Wednesday, April 28, 2010

Don't get me wrong

I don't know how I'm going to come home.

Wednesday, April 14, 2010

Mauritan Mystery

     There’s a quote by Mark Twain that goes something like this, “There was Mauritius, and then Heaven was built after Mauritius”.  Sorry if I butchered that but you get the idea-my point is, Mark Twain was right.
     With only two days to spend in Mauritius we had to do all that we could to soak up this paradise in the little time that we had.  So we went to the beach.  Tough life-I know.  But seriously, these were the most GORGEOUS beaches I have ever seen.  I can’t wait to get my photos up because Mauritius is just the perfect backdrop to anything.  The sky is bright and knows just the right time to change colors, the sand is light and fluffy, and the water is the most perfect water I have ever been in in my life.  I am an ocean girl so I hopped into the water with Bailey, Maria, and Mary and we all agreed that we would not want it any other way.  I think even my mom would have liked the temperature of this water. I can’t get over it. Moving on…
     After a few hours of blissful beach time and vanilla rum, Bailey, James, and I decided to head to our friends hotel room and see if we could crash there for the night since we were all leaving together in the morning for a catamaran ride.  Unfortunately it was not that easy.  We got caught up helping a friend, we lost another friend, James had become belligerently British, and we were hungry and ready to go.  Finally with some help from these guys from Denmark that James had found by wandering into their front lawn, we got dinner, which led to taxi driver, which led to madness.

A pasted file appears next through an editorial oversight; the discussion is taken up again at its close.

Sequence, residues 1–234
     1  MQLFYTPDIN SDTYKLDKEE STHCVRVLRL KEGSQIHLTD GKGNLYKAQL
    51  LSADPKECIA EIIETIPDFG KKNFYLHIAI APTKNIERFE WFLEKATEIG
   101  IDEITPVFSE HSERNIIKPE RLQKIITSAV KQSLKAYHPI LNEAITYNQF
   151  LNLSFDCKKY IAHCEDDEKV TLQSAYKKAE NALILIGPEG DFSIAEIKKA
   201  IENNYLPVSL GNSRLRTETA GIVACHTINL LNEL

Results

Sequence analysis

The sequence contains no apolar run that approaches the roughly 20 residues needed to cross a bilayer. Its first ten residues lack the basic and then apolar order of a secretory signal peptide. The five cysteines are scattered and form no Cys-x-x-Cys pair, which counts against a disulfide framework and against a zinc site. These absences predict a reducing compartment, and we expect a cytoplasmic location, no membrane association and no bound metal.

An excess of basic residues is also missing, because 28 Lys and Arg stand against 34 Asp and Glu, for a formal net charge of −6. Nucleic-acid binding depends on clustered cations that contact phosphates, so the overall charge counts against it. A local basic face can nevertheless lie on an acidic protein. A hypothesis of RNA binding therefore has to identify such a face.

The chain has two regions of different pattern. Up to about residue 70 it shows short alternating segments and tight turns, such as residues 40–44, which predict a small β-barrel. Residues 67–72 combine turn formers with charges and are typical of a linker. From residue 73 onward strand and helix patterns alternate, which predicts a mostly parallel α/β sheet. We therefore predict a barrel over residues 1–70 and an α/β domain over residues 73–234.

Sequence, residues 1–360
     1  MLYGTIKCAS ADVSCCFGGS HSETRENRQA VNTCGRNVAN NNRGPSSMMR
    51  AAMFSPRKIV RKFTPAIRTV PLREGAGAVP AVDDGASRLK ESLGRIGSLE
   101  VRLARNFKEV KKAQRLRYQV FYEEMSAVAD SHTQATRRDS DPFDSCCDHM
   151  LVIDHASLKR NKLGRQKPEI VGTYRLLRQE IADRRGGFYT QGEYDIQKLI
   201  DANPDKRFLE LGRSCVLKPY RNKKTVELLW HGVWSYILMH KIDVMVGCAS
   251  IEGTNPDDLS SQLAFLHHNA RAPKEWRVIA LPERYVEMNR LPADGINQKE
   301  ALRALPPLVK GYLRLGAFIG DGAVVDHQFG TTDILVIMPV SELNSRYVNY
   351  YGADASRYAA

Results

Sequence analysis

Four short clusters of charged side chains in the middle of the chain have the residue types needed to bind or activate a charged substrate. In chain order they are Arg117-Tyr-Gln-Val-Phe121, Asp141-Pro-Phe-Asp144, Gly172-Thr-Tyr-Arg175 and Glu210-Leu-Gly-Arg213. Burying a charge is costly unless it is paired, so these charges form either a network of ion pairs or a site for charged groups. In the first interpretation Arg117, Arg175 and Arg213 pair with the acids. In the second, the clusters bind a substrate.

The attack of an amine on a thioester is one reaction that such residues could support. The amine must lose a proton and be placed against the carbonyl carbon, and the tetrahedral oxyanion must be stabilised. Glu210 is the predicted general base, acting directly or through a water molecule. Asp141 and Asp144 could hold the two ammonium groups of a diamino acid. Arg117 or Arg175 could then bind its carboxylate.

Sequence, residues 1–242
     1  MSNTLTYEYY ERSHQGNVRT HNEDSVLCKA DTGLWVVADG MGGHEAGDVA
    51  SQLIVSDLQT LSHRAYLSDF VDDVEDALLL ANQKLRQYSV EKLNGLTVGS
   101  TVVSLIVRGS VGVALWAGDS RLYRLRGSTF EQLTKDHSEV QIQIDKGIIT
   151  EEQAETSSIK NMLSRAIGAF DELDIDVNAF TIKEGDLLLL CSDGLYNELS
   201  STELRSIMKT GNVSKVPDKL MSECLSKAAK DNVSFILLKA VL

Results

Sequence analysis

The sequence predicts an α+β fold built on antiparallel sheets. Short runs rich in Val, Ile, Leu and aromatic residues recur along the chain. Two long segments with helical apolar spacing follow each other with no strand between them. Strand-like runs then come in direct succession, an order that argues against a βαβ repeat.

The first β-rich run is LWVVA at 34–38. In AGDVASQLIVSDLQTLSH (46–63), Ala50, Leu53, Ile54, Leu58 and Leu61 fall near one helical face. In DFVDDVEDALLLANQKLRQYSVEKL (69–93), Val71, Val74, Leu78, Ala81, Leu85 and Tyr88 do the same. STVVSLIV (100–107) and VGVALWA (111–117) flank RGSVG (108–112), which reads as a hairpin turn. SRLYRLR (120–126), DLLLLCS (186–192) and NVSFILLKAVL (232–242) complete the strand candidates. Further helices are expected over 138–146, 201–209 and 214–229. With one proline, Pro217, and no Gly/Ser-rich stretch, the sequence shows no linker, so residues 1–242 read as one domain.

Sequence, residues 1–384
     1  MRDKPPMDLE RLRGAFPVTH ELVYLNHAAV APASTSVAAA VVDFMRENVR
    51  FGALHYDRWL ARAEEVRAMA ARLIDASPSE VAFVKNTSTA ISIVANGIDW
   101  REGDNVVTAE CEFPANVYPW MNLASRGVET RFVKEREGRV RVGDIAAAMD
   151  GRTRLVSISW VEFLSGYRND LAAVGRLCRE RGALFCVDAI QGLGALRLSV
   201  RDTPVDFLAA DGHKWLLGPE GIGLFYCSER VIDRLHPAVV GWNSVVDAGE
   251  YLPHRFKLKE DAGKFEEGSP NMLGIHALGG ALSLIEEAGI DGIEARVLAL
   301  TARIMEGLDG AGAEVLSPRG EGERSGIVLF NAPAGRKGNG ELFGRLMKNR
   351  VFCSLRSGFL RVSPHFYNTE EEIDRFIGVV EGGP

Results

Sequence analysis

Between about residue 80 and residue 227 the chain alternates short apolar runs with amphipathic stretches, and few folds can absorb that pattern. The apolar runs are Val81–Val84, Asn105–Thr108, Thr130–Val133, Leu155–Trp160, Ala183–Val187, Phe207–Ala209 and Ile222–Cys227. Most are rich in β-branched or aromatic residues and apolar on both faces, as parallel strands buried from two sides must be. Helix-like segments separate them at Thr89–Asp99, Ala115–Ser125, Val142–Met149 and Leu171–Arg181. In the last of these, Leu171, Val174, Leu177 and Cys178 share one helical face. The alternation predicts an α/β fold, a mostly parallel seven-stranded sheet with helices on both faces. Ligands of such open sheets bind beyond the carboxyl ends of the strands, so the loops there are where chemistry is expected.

Apparently Mauritian hotels are strict with their policies and don’t want dumb college students like us to come wander in and mess up their lives.  Understandable. But also inconvenient.  When we showed up to the hotel where our friends were staying we were told they left.  We went to another hotel. We got on a phone. We were told to pay three hundred and fifty euros for a stay at this hotel. We didn’t.  We went back to the first hotel. Next door-public beach. Found our friends.  Since the hotel is so strict they would only let four people stay in the room like they had signed up for and would not even let anyone else past the security guard in the hotel parking lot.
     It is about midnight now and we have been wandering around this public beach for an hour.  I am stone cold sober and fed up with the security guard and the uncertainty of sleeping arrangements.  I get cranky without anywhere to sleep and Bailey was dehydrated. Thus began the hunt for water.
     Nothing is open.  There is nothing nearby.  But there is a police station across the street from the beach so Bailey goes to ask if they know a place where she can get some water.  The police officer doesn’t know.  Fail.  BUT, five minutes later he walks up to us and says, “I can wake my driver if you’d like. We’ll take you to get some water”.  Hmm…the police are supposed to be the good guys.  So we take off, giving our friends very little explanation to what is going on, and get into the Mauritian police pick up truck with grates on the windows.